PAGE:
By Clint Thompson
It is still early, but University of Georgia fruit disease specialist Phil Brannen is concerned about the extended warm temperatures and their impact on peach production.
“The thing I am concerned about is how warm it is. The chill hours associated with peaches right now, we just have not had cool enough weather yet to deal with that as far as the chill hours we need. Hopefully, it’s going to get colder. On peaches, that’s the primary concern,” Brannen said. “If we get chill hours that we need, we should be okay.”
Peaches need chill hours to mature. The required chill hours depend on the specific variety growers choose to plant. Some may require as little as 500 chill hours, while others may need as many 800. According to University of Georgia Extension, fruit trees require a certain number of hours below 45 degrees Fahrenheit to break down growth inhibitors in buds. This allows them to produce fruit in the spring.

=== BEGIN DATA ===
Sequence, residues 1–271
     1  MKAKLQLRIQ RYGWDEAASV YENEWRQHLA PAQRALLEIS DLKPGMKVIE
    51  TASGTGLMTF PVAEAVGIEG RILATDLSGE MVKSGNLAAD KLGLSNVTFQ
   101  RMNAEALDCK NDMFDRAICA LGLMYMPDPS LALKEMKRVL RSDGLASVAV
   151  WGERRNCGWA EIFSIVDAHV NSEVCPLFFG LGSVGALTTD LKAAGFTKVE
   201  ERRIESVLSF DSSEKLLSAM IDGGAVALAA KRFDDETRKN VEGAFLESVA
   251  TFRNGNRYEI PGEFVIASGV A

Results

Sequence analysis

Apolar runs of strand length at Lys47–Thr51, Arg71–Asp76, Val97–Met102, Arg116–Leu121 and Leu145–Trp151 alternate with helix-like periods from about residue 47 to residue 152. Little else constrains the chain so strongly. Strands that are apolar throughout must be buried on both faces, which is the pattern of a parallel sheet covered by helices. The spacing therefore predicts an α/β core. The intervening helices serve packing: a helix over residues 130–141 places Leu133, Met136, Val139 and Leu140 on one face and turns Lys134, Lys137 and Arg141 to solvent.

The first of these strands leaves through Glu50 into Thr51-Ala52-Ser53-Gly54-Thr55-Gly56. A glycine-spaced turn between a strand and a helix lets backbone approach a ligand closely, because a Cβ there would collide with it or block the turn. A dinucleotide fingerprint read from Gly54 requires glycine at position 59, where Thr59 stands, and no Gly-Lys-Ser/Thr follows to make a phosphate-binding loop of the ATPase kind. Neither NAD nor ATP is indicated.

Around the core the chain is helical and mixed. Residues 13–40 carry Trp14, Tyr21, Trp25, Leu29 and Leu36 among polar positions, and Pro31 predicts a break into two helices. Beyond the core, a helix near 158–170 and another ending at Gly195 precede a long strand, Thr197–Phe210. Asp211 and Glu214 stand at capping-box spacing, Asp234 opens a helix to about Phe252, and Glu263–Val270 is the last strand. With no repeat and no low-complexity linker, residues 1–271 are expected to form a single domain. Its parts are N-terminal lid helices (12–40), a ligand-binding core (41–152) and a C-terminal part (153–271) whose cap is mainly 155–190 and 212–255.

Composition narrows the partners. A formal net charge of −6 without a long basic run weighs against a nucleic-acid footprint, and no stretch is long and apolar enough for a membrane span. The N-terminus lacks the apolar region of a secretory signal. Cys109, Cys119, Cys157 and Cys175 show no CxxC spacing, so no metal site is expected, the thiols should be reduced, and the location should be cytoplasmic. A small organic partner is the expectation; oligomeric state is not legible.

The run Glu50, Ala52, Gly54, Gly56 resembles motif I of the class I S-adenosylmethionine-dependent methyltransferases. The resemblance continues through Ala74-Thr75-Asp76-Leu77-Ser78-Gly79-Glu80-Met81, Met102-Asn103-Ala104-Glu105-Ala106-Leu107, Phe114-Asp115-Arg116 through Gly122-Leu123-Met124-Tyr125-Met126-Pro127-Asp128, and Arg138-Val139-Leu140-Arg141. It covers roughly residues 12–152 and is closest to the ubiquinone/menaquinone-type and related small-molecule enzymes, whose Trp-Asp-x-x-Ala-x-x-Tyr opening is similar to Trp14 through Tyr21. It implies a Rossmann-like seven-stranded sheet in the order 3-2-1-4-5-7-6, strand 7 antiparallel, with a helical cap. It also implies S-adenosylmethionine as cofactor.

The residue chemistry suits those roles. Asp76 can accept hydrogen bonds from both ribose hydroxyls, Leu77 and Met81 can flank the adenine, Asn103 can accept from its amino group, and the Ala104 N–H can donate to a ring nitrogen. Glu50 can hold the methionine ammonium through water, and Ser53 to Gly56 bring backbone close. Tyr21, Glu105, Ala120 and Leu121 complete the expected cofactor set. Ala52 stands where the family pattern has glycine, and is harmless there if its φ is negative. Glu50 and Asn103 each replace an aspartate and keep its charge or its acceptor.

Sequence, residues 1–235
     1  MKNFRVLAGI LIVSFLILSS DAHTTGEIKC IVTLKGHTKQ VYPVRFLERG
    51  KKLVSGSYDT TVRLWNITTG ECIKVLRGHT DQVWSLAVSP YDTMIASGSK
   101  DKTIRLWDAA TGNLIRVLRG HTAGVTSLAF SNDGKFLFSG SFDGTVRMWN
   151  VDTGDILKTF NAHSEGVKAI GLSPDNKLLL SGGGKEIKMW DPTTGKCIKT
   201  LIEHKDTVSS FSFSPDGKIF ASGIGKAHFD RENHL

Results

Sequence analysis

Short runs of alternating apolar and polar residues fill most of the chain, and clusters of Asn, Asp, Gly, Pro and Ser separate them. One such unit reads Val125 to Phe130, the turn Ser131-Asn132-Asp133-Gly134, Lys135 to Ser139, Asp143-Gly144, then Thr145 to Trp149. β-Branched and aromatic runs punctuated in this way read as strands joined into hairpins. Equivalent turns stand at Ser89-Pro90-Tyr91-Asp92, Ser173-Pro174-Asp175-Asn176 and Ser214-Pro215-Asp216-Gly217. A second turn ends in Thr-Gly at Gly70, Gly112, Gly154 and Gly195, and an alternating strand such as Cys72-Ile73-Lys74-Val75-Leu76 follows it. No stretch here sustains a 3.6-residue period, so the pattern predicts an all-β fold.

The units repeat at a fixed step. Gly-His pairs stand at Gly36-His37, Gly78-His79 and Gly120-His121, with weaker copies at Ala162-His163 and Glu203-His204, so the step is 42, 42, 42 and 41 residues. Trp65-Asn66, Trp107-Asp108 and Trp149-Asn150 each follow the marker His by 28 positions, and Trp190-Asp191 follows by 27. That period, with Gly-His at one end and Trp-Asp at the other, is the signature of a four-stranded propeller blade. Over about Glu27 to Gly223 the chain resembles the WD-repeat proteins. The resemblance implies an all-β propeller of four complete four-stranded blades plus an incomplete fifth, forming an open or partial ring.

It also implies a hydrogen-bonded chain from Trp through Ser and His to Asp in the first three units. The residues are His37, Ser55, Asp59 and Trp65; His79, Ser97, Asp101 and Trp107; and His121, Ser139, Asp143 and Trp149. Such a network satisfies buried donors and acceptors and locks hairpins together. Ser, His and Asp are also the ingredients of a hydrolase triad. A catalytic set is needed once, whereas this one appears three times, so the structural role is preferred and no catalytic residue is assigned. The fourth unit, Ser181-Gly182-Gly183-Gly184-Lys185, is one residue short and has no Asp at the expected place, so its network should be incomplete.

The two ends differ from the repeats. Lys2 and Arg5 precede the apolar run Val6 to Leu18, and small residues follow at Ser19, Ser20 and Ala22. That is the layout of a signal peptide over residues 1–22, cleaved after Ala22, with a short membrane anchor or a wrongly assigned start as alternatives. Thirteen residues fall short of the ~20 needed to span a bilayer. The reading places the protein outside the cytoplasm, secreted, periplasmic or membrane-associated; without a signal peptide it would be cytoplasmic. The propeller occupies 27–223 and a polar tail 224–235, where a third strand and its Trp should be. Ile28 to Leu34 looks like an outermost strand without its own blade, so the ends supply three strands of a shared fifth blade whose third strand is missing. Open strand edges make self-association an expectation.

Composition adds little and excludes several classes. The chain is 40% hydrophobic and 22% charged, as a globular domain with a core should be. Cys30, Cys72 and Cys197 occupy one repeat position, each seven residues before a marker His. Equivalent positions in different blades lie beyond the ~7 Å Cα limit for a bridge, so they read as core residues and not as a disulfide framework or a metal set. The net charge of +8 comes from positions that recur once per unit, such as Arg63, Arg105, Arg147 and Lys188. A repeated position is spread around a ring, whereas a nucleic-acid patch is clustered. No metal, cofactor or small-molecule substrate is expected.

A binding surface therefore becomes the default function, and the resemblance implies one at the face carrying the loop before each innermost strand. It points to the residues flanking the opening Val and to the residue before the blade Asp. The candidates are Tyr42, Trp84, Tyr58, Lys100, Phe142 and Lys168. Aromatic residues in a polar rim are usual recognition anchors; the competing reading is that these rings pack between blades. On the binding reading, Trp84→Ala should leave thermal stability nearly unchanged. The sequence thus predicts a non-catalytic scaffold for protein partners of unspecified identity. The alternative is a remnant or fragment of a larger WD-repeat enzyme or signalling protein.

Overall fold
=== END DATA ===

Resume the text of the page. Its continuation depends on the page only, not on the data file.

Other than Thursday’s drop in temperatures, the weather has been unseasonably warm across the Southeast. It’s expected to get warmer next week. Temperatures, however, are expected to reach 80 degrees F across South Georgia on Wednesday, according to weather.com. Temperatures are not expected to drop well below 45 until the week of Dec. 12.
Brannen said it is a quiet time for disease management, though it should pick up at the first of 2023.
“They’ll start putting out bacterial spot copper applications in January. They’re definitely going to be getting out things like that to get rid of the inoculum there,” Brannen said.